Ever been in an on-again off-again relationship? I find them to be very perplexing, and wanted to know more, so I recruited the advice of a relationship therapist and found out, and then wrote about it in this week’s Love Essentially, published today in Chicago Tribune Pioneer Press.
We are Never, Ever, Ever Getting Back Together. Like Ever.
by Jackie Pilossoph
Taylor Swift said it best in her 2012 hit song, “We Are Never Ever Getting Back Together.”
“This is exhausting,” is a line of the lyrics in the song about an on-again off-again couple riding an emotional roller coaster of temporary highs that continually come barreling down every other week like the Goliath at Great America.
Several years ago, I had a friend who was in an on-again off-again relationship, and every time I’d run into him, my first question would be, “Pam or no Pam?” which meant, “Is Pam currently your girlfriend or are the two of you broken up? Again.” This went on for several years, and eventually my friend and Pam broke up for good. If I’m not mistaken, I think Pam is happily married to someone else now.
What I want to know is, why do some couples fall into this pattern? In other words, what keeps them coming back? Stupidity or true love?
For help on the subject, I turned to Anita Chlipala, a licensed marriage and family therapist and the founder of her Chicago-based practice, Relationship Reality 312.
She said the root of couples breaking up usually stems from one or both of the people being dissatisfied in some way, with countless possible reasons. They also might break up because one or both wants to date other people, perhaps to see if there is someone better out there for them.
But what if time goes by after the breakup, and one day one of them picks up the phone and basically says, “I’m not done?” Then what?
“Reasons people might get back together include lingering feelings, fear that they won’t find someone else, loneliness, and feelings of missing the companionship and familiarity,” said Chlipala, who has been a relationship therapist for nine years. “They could also go on several bad dates and start thinking their ex is the one.”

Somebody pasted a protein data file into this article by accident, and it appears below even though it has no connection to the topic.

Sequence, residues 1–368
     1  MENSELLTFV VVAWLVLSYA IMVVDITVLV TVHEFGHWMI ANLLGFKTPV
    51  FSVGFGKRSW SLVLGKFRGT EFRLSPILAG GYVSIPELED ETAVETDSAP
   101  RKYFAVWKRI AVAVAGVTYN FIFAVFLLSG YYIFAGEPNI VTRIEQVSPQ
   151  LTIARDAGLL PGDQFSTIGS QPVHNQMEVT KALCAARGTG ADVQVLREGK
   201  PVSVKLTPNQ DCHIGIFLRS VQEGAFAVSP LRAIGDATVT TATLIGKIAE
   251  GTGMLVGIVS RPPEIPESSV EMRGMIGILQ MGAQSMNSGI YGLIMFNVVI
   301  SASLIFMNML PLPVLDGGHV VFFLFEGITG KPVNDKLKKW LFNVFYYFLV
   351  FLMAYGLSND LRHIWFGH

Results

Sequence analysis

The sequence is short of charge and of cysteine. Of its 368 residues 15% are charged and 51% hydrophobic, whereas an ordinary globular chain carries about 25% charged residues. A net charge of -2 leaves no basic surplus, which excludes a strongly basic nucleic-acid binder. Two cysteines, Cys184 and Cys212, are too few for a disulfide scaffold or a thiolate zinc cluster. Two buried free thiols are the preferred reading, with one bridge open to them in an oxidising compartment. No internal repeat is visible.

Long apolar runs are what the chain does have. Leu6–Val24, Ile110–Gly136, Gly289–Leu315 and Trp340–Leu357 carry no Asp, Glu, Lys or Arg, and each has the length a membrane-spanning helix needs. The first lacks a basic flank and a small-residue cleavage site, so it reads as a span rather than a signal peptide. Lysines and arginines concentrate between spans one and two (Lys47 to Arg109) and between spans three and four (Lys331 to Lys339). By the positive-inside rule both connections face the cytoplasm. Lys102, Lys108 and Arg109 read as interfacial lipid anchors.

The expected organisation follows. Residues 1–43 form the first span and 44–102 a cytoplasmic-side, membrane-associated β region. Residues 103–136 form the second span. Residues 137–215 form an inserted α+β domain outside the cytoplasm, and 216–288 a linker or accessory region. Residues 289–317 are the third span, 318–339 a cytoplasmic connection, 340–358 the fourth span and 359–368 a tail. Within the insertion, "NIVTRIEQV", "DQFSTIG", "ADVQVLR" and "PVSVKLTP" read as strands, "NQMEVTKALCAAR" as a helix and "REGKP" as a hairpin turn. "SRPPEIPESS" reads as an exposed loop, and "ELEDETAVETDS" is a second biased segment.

Chlipala said that before couples get back together, she encourages them to answer the question: What would be different this time around? Otherwise, they won’t be able to break that pattern.
Click here to read the rest of the article, published today in Chicago Tribune Pioneer Press.
Michael C. Craven
Thank you for your article. I found this interesting.
-Michael C. Craven, Chicago Divorce Attorney http://www.divorcelawyerschicago.org/
Since being separated, I have engaged in a few on again – off again relationships. I think for me, it is was simply I didn’t know what I wanted at the time. I was in an 11 year relationship, I did the “married” thing, it just wasn’t for me. It took me a long time to figure it out, but I did. The on/off relationships are like hanging upside down tied to a rope by one ankle, and not sure if you are going to survive it. They are only good, when you are feeling lonely, but not interested in committing to someone fully. Now, being “single” for over a year, I feel like I am ready to commit to someone. The perfect time of year too, spring adventures, and summer camping trips
Kenedy Singer, Ph.D.
Excellent article. And huge topic. So many people get stuck in relationships that they keep trying to get out of.
I speak from personal experience. Today, I’m a happy clinical psychologist who’s a successful dating coach with a healthy love life, but that hasn’t always been the case.
Many years ago I was dating a fantastic woman. She was beautiful, sexy, and an accomplished architect. On paper she was a catch. However, the relationship was very toxic for me. We both suffered a great deal. We broke up at least 5 times. Each time, I’d find myself drawn to get back together after a week or two. The reason for this was I was addicted to her. Some call it being a love addict. What I can tell you is I felt it physically in my body. It was an undeniable impulse and craving that I couldn’t resist.
Time and time again this happened until finally after one breakup I confronted myself and faced the pain. I remember one moment when I was laying on my couch feeling the strong painful longing. It was located in my gut. Rather than act on it though, I just put all of my attention on it with acceptance. It was intense. Maybe one of the most intense feelings I’ve had. I thought I was going to die. As I was with this feeling though what happened is that after a few minutes it dissolved. What came from it was a place of acceptance of myself. And the impulse to get back together was gone. Truly a miracle!
What happened next is that I did have a recurring waves of the longing and impulse. However, I now had the muscle to just embrace the feeling without acting on it. I didn’t get back together with her. I appreciate the great moments we had together but moved on.
Today, I am able to be in relationship with my partner from a healthy place where we are both complete on our own and come together to enhance that experience.
I can say that my love now is from a much healthier place where I’ve drawn in a partner who matches me in this place. Together we share great moments that are brightened by being together.